It’s the same with everything we do. There always a superlative. There’s always the best, the coolest, the most impressive or breathtaking, most beautiful. But there’s also the hardest, the most strenuous, the least pleasing and most annoying, the toughest. On my hike on the West Highland Way, this was day 6. And here’s why.
Rain, rain, rain – and more rain
Let me be clear about something. I don’t want to complain or moan too much here. After all, I knew the trip was going to be tough right from the very beginning. However, if the purpose of this travelogue is to give you an impression of what it feels like to walk the West Highland Way, then I mustn’t act as if everything was okay and comfortable and cast a veil of silence over the bad and ugly side of things.
The first reason why this walking day was the least on enjoyable is the weather. In short, it was raining almost continuously all day. And it had been raining all night before. So, the trees didn’t offer any protection. The fern along the way was thoroughly soaked – and there was lots of it. While I was walking, I inevitably brushed along the leaves which soaked my pants in no time.
“Strenuous in a different way.”
That’s what John had said in Rannoch Moor when we were talking about this stretch of the West Highland Way. But he hadn’t been the first one to warn me about the difficulties here on the shores of Loch Lomond. My West Highland Way guide said, “Although there have been significant footpath improvements to many stretches, it remains a demanding walk that should not be undertaken lightly, even by strong walkers.”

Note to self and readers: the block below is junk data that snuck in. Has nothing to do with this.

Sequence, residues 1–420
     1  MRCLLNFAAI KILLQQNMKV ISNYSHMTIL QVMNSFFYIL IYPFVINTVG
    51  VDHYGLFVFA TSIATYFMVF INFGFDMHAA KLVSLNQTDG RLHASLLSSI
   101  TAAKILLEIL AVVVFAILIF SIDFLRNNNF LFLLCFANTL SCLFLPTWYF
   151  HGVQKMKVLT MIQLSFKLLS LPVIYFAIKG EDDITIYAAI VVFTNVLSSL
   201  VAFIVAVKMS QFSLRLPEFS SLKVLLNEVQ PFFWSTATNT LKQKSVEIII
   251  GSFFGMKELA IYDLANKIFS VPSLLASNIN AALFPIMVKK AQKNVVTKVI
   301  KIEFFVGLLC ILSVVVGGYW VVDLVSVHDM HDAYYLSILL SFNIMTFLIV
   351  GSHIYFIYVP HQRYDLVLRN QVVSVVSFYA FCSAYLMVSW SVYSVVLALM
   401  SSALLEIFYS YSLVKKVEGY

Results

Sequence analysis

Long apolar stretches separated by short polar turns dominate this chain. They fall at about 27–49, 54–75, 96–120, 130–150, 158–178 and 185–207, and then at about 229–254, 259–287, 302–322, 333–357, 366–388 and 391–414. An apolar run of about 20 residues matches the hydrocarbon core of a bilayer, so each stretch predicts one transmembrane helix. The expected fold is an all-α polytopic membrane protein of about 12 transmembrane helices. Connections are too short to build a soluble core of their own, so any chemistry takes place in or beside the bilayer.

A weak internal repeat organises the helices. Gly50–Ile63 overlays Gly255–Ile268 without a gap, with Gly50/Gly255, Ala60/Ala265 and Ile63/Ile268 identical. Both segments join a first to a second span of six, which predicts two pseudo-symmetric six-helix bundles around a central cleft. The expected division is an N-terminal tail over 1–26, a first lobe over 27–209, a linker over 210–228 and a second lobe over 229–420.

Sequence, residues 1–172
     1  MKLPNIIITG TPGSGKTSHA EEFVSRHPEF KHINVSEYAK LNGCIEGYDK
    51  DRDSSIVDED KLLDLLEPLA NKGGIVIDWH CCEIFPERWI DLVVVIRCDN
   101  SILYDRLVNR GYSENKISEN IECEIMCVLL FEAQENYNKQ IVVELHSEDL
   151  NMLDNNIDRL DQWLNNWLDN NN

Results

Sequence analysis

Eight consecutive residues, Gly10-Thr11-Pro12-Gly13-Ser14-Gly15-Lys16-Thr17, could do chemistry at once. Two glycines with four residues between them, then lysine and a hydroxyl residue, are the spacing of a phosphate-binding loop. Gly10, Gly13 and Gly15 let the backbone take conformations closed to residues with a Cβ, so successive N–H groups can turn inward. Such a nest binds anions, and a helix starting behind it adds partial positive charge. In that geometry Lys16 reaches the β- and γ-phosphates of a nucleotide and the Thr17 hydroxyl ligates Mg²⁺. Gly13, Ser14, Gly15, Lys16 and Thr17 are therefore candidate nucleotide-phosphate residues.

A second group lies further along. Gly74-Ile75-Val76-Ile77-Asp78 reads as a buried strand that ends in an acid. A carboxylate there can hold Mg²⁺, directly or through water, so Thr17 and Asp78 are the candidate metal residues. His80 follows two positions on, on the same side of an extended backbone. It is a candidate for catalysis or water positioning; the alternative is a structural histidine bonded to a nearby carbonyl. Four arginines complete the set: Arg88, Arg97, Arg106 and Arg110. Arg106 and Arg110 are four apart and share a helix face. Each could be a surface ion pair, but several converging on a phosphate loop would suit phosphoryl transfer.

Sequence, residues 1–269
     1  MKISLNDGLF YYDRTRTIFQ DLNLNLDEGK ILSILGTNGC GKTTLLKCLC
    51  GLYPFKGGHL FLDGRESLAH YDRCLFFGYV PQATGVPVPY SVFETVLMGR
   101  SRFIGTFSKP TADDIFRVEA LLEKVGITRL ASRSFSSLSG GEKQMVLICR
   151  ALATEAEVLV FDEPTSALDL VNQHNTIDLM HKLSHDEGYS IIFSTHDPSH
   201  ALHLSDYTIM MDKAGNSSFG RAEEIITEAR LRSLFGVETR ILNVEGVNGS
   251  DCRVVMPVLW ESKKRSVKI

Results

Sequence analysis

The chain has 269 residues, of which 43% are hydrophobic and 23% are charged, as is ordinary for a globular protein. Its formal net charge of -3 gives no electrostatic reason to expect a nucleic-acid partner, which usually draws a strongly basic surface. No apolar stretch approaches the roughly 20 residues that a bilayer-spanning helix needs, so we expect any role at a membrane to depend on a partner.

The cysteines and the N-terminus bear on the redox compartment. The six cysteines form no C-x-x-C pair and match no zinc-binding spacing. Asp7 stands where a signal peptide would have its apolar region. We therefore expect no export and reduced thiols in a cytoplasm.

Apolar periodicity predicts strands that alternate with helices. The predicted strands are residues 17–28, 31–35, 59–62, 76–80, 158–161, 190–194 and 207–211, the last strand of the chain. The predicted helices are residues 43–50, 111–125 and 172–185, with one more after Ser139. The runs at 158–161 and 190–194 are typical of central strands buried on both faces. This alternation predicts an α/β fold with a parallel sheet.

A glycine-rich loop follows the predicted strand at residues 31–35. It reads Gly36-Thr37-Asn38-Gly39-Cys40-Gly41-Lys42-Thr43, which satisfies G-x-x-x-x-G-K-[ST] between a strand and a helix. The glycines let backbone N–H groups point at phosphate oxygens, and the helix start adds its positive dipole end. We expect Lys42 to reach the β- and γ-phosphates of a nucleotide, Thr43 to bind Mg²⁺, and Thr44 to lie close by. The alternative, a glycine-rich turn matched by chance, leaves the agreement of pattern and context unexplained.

I had also watched quite few YouTube videos by walkers who have documented their hike with their GoPros, smartphones, and selfie sticks. Every single one of them looked much fitter and experienced than I felt. And yet, every single one of them was huffing, puffing, and moaning about this stretch of the West Highland Way.
I wasn’t an athletic walker; this much was clear. But all these warnings and useful pieces of information didn’t prepare me for what I experienced on this day. In hindsight, I have to admit that given my lack of experience and comparatively bad shape I probably had taken on more than it would have been reasonable to handle. I made it in the end, but with no small degree of luck and a blow for my morale that would last far into the following days.
Rocky climbs and muddy falls